I think those media companies are just lazy. They sit there and scream that new hardware allows people to pirate their property and that, therefore, that hardware should be outlawed. Apart from the rather skewed logic used here, there is one question that is still left unanswered:
Why do these companies see new technology as a threat instead of using it to their advantage?
An example: current broadband connections have brought an increase in people pirating music using Gnutella, Kazaa, whatever. So the big media guys, having failed to suppress broadband, try to outlaw P2P networks.
Why don't they take advantage of fast connections? Where is the pay-per-listen/monthly subscription Software that requires you to log on and then streams the music directly from the internet? It works for television and radio - why shouldn't it work for music?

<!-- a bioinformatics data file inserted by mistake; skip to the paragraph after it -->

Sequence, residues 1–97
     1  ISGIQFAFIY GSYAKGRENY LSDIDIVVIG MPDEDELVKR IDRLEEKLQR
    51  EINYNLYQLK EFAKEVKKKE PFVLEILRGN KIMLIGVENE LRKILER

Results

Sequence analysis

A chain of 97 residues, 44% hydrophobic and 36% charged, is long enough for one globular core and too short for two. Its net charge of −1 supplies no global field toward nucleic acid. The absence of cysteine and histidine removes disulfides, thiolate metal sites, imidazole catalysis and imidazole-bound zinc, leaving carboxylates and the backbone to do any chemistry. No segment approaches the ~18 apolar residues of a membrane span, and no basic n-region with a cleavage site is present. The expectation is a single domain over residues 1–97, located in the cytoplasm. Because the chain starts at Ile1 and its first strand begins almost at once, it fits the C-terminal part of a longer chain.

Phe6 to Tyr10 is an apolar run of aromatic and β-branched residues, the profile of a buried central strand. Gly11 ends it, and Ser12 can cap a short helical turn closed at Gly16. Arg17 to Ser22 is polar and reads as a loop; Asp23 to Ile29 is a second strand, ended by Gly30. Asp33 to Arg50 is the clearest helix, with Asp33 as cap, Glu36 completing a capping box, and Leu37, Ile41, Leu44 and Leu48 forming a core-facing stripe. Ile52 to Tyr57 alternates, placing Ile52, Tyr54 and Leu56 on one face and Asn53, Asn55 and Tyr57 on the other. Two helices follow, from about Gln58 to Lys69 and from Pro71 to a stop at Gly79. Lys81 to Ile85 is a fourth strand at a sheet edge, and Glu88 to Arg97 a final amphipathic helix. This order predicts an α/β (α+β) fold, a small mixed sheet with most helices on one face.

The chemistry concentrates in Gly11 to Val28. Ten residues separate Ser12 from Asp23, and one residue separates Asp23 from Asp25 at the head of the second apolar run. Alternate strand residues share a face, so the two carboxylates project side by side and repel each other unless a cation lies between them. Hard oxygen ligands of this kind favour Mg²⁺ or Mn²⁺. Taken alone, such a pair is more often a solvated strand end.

Where is Disneys offer to view their movies for 2 bucks over the internet, a few months after they hit the theaters?
Just imagine such an offer for Episode I today - wouldn't it be cool to just say "Hell, I'd like to see that one again", start your home theater software and view it for a few dollars? It isn't in the cinemas anymore, the DVD would take a few days to arrive, so right now many people settle for the "P2P solution". But what if you just had to select the movie from a list and hit play? No searching, no aborted downloads, no nothing? I'd certainly pay for that...This comment was edited on Mar 15, 15:03.
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